- Daily Zen
Europe’s data protection laws under the General Data Protection Regulation need to be revised to meet the post-pandemic world’s needs, says Alex Voss, who co-wrote the laws.
Axel Voss, an EU parliamentary member, told the Financial Times that it needs “some type of surgery.” The law came into force just three years ago and will soon be put to the vote for ensuring that it becomes the “gold standard for the world.”
Alex Voss sees the need for a revamp of GDPR, considering the Pandemic has changed the way the world conducts its business. Offices have majorly moved into the work-from-home mode, and there has been a widespread adaptation of related technologies.
“We have to be aware that GDPR is not made for blockchain, facial or voice recognition, text and data mining [ . . . ] artificial intelligence,” said the German MEP. “The digital world is about innovation. We cannot stick with principles established in the 80s that do not reflect the new situation we are living in,” he added.
Voss said the present scenario left people vulnerable as they used a host of services under a single-point authentication. “If you have a home office situation and you’re dealing with personal data, you are left alone with numerous legal obligations that are difficult to understand. What are the requirements for dealing with data protection in a private home?”
Voss said that other members of his political party, the European People’s Party that includes German Chancellor Angela Merkel, agreed with his views.
But not everyone is in agreement. Sophie in’t Veld, a Dutch MEP, who was also a co-author of EU’s GDPR privacy law, believes that the current regulation remains fit for purpose. “Is a law ever perfect for every individual and union? No, of course not,” she said. “But we worked on this piece of legislation for five years and we have prepared it better than any other legislation. We spoke to hundreds of companies, academics, privacy experts, civil societies, tech experts, you name it.”
She added: “The idea that we have overlooked something is not plausible. GDPR is also a very general piece of legislation that leaves lots of flexibility for implementation.”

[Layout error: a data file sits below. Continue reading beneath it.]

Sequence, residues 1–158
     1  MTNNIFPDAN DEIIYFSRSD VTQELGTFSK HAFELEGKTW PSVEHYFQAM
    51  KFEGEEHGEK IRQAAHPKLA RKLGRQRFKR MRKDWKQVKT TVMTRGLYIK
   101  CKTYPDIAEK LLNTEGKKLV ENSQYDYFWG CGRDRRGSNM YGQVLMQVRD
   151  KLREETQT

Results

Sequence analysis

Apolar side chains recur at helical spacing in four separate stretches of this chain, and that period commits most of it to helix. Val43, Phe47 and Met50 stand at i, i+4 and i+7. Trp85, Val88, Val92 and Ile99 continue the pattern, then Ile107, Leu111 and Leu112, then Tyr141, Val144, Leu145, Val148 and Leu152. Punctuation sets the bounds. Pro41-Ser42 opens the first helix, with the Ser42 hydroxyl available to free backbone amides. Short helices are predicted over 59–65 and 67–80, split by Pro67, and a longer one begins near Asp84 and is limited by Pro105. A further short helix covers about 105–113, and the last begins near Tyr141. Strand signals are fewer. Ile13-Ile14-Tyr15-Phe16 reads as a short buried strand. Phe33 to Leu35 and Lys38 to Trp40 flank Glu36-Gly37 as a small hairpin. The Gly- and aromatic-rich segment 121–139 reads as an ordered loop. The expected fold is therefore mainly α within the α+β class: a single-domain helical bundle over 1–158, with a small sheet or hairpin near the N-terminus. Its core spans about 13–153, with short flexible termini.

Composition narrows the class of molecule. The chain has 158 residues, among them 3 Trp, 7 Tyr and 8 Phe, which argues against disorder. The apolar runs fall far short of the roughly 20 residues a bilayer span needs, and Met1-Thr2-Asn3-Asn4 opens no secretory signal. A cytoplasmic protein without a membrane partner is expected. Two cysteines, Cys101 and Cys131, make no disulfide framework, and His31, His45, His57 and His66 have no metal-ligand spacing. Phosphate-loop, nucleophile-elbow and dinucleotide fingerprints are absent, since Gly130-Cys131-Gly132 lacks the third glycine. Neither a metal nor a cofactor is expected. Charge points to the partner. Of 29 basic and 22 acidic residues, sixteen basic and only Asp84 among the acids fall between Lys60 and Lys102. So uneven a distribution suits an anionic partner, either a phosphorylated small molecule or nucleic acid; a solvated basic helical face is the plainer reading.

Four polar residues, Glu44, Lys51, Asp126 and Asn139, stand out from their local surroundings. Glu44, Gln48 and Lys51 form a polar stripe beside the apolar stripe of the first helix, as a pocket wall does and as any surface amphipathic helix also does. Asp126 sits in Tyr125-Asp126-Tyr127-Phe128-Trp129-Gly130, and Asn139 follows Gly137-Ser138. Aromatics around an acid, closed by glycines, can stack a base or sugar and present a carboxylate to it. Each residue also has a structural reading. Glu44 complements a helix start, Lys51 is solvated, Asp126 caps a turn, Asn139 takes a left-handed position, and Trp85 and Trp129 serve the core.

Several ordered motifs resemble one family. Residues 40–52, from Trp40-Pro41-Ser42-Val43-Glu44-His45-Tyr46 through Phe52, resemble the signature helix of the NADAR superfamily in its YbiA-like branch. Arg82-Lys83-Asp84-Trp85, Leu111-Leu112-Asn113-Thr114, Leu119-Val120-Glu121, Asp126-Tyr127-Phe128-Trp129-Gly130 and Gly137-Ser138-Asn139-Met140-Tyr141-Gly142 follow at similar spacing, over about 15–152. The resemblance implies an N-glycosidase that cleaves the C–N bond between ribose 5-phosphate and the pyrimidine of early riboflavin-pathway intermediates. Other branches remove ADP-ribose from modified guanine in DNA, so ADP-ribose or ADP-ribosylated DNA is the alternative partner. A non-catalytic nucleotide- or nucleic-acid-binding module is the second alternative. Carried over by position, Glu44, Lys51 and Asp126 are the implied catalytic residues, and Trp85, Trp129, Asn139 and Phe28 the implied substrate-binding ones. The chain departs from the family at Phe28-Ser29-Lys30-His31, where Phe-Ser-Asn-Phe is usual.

While EU’s GDPR has been seen as a template for the rest of the world, not everyone is happy with it. Small businesses, in particular, are struggling with the rules. They find the cost of compliance high. A confidential draft has outlined the difficulties, especially with the emerging technologies, that have not been dealt with fully and the problems faced by smaller businesses.
“Further challenges lie ahead in clarifying how to apply the principles to specific technologies,” the draft said. “Some stakeholders report that the application of the GDPR is challenging especially for small and medium-sized enterprises (SMEs).”
Meanwhile, the European Commission announced that the UK’s data protection regime complies with the GDPR.
The EU Commission is eager that the GDPR is implemented within the bloc and even outside and is treated as a template to be copied by others.
The law, which also applies in Iceland, Liechtenstein and Norway, has inspired numerous data protection laws around the world.
Article 45 of the GDPR allows the European Commission to determine whether non-EU countries meet the protection level offered to European citizens for data flow or any dispute. The decision of the European Commission is not yet final. In the meantime, data flows between the two will operate through an interim regime included in the EU-UK free trade deal signed last year. This regime expires on June 30.
“Ensuring [the] free and safe flow of personal data is crucial for businesses and citizens on both sides of the Channel,” said Věra Jourová, vice-President of the European Commission. “The UK has left the EU, but not the European privacy family.”
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